Basic Orisha Theology

by Iya Melissa

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The articles in this blog describe facets of Candomblé, but make the assumption that you already know the basics.  As has been described here in greater detail, Candomblé is an Afro-Brazilian religion incorporating religious aspects from various African ethnic groups.  Candomblé is also divided into nations based on specific ethnic groups. Candomblé Ketu (a nation) uses the language, cosmology and theology of the Yorùbá (Orisha worshiping) people of Southwest Nigeria and Benin.

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During the Trans-Atlantic Slave Trade, our ancestors adapted certain elements of Yorùbá religion that made sense for them in surviving in the new environment of the Americas.  Instead of describing some liturgical and mythological differences, this article focuses on general elements that have remained in tact.

Belief in God

The Yorùbá believe in God and call him Olódùmarè (and other names).  While Olódùmarè is referred to in many prayers, he is not directly prayed to.  While there is not an agreed upon direct translation of this name, it is generally understood to refer to his almighty power and domain.  He is responsible for having created the universe, the Orisha and breathing life into humanity.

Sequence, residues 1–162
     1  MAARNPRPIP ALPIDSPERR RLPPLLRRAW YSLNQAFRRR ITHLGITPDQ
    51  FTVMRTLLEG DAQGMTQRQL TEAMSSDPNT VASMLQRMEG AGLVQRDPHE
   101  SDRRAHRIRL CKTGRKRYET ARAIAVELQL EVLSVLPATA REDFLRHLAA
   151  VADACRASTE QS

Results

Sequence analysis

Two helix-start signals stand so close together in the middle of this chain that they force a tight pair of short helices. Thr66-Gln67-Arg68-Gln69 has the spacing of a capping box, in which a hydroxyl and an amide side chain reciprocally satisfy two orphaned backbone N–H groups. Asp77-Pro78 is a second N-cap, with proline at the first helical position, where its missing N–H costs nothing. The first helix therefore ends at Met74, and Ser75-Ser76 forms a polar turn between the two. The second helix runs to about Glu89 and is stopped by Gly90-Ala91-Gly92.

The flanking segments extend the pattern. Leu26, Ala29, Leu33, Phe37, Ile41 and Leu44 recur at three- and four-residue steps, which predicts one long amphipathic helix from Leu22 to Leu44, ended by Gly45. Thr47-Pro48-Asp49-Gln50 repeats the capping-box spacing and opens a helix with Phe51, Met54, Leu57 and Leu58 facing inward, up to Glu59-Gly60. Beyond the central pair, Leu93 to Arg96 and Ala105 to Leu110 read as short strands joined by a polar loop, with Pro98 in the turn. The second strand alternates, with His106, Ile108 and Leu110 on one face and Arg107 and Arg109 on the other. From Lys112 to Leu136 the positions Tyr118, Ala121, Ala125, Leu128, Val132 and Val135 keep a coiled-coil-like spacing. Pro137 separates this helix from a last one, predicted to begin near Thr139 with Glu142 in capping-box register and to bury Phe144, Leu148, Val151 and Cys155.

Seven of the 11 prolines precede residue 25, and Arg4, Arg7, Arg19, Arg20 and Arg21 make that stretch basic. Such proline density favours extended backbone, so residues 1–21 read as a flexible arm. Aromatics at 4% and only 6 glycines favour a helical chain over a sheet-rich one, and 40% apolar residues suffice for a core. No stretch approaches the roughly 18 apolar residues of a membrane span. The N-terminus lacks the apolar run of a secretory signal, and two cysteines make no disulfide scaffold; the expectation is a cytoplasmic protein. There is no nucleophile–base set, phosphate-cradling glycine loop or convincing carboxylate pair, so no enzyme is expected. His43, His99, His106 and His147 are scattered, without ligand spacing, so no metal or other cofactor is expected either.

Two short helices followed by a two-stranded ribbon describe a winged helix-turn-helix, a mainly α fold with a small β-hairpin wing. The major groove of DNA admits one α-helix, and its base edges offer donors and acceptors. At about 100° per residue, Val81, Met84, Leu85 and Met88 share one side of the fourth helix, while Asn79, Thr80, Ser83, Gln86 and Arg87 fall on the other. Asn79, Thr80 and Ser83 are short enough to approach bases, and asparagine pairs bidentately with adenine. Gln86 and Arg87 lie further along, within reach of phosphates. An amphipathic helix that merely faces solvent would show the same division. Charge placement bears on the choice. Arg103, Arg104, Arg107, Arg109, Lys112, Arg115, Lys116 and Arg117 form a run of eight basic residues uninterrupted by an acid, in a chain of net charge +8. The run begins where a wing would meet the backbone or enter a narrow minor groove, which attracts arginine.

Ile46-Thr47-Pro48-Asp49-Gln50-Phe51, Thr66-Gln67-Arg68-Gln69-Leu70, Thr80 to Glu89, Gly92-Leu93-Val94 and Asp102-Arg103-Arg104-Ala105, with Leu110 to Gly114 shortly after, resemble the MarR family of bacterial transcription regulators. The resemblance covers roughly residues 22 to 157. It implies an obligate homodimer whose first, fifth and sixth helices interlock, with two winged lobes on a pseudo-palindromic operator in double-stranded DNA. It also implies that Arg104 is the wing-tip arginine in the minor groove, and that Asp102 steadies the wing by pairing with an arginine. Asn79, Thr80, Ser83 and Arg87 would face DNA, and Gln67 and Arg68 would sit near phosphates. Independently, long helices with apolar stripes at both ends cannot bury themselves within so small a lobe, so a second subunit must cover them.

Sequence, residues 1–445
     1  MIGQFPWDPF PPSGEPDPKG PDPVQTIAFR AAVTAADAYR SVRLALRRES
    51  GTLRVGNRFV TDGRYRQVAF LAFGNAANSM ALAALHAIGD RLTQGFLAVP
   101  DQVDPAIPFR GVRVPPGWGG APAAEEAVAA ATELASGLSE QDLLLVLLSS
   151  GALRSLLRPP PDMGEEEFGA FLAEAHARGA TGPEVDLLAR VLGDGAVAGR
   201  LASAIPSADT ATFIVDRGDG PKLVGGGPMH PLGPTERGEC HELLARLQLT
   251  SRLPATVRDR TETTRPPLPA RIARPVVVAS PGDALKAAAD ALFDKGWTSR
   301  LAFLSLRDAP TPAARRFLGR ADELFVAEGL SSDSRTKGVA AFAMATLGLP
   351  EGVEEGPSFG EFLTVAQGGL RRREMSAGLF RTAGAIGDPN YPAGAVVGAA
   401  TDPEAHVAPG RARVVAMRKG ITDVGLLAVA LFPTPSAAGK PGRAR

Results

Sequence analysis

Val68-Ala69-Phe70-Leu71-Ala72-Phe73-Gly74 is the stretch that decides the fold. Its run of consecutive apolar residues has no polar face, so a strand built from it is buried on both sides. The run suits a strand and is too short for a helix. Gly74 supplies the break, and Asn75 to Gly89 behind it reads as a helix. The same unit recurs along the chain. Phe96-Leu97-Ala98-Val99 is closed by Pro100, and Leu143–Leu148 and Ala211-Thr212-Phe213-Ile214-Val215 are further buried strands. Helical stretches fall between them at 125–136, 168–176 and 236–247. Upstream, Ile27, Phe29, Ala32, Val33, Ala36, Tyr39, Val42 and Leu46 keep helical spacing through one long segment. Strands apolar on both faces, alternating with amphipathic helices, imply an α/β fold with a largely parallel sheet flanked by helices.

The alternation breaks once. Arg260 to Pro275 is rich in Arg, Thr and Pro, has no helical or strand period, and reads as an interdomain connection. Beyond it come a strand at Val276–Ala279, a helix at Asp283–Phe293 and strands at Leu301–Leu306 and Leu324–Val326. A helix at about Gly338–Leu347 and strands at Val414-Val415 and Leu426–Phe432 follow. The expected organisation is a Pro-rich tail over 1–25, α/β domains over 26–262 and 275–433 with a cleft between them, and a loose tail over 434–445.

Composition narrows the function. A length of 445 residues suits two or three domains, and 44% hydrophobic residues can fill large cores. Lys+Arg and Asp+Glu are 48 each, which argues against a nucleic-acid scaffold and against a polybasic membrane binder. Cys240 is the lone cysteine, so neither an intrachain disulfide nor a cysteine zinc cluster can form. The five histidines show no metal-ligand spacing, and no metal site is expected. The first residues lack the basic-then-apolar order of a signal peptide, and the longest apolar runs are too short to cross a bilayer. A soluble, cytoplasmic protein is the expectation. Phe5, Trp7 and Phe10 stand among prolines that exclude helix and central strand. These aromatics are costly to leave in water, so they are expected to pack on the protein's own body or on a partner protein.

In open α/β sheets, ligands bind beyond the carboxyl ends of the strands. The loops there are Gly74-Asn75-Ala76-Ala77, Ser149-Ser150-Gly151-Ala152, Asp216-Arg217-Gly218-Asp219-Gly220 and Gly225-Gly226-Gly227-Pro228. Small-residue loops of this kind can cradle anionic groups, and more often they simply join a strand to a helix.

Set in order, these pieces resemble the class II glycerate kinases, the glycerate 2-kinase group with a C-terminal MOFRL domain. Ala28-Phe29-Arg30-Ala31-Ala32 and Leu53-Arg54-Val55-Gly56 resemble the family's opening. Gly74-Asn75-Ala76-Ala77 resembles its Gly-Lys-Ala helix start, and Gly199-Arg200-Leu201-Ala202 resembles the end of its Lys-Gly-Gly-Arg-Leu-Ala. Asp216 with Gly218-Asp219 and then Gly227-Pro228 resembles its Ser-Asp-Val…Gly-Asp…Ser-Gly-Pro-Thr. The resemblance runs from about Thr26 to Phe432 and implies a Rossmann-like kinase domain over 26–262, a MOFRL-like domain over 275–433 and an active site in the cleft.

Belief in Orisha

Orisha are forces of nature that manifest through mythology as deities.  There is no set number of Orisha.  It is customary to see numbers like 200+1, 400+1 or 600+1 to signify the number of Orisha in the Yorùbá pantheon.  The “+1” in Yorùbá numeration refers to infinity and acknowledges that we live in an ever changing universe.  Some Orisha that used to be very popular and well known are now virtually unheard of, and we never know what the future will bring.

last super Orisa

In Candomblé there are about 16 Orisha that receive reverence, and are regularly praised in terreiros.  The Orisha represent crossroads, bodies of water, wind, storms, fire, and land, in addition to communication, justice, love and nurturing, war, hunting, technology, etc.

Each Orisha has its own prayers, songs and dances, accepts specific offerings, has particular temperaments, is partial to certain colors and is greeted in its own unique way.  The Orisha also manifest by possessing initiates, called Elegun, Rodante (ho-dan-chee) or simply Iyawo within Candomblé.

It is believed that each person, in addition to having the protection of their Orí, is protected by an Orisha.  Divination by a priest(ess) reveals the Orisha offering protection to individuals.

Belief in Orí

The Yorùbá also believe in Orí, which literally translates to mean head but refers to the divinity in each of us, our overall destiny and that which keeps us aligned with our destiny.  Some of the first steps taken when entering Candomblé as an adherent include taking care of one’s Orí.

Similar to the Orisha, there are prayers, songs and specific offerings for Orí.  Unlike Orisha, there aren’t dances, initiation or possession relating to Orí.  Some nations of Candomblé consecrate an Igba (ee-Ba) Orí prior to Orisha initiation.  In English, this consecration is often referred to as “receiving Orí.”  Everyone is born with a head,  conscientiousness, divinity and a destiny.  What is being received is a consecrated vessel, not your head.

There are many other elements involved in gaining a deeper understanding of Orisha theology.  A bibliography is forthcoming for the blog and will include many resources for further research.

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